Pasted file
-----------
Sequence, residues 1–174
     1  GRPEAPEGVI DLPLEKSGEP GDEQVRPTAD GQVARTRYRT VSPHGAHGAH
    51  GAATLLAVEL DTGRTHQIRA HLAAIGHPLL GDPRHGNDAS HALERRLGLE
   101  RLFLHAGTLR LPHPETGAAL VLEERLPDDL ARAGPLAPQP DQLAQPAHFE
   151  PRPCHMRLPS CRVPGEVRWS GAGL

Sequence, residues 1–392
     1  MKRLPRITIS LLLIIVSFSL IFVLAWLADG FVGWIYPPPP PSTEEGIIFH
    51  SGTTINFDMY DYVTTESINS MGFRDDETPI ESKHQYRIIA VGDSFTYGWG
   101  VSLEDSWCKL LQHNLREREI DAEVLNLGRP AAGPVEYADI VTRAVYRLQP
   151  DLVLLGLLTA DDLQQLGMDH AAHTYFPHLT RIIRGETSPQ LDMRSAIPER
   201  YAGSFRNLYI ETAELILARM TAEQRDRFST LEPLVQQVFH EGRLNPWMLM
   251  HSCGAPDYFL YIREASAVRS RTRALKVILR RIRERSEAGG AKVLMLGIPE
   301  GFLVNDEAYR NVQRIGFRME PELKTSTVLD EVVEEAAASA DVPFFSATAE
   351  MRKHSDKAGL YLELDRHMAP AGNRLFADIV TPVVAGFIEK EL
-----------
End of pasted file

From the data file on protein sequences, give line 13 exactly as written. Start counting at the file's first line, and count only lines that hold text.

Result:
   301  GFLVNDEAYR NVQRIGFRME PELKTSTVLD EVVEEAAASA DVPFFSATAE